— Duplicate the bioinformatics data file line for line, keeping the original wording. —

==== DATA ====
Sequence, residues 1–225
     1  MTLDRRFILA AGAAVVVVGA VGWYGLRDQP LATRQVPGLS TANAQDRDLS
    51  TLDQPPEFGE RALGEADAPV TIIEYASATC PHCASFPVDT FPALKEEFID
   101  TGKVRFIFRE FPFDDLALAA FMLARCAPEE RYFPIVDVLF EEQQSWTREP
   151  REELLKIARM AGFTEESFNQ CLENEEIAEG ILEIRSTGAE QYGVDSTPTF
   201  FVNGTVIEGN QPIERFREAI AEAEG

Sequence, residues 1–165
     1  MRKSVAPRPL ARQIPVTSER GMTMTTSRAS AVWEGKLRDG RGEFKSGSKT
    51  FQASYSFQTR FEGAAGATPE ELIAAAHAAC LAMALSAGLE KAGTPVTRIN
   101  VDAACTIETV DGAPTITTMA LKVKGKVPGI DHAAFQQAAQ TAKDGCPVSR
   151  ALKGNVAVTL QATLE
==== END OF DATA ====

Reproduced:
Sequence, residues 1–225
     1  MTLDRRFILA AGAAVVVVGA VGWYGLRDQP LATRQVPGLS TANAQDRDLS
    51  TLDQPPEFGE RALGEADAPV TIIEYASATC PHCASFPVDT FPALKEEFID
   101  TGKVRFIFRE FPFDDLALAA FMLARCAPEE RYFPIVDVLF EEQQSWTREP
   151  REELLKIARM AGFTEESFNQ CLENEEIAEG ILEIRSTGAE QYGVDSTPTF
   201  FVNGTVIEGN QPIERFREAI AEAEG

Sequence, residues 1–165
     1  MRKSVAPRPL ARQIPVTSER GMTMTTSRAS AVWEGKLRDG RGEFKSGSKT
    51  FQASYSFQTR FEGAAGATPE ELIAAAHAAC LAMALSAGLE KAGTPVTRIN
   101  VDAACTIETV DGAPTITTMA LKVKGKVPGI DHAAFQQAAQ TAKDGCPVSR
   151  ALKGNVAVTL QATLE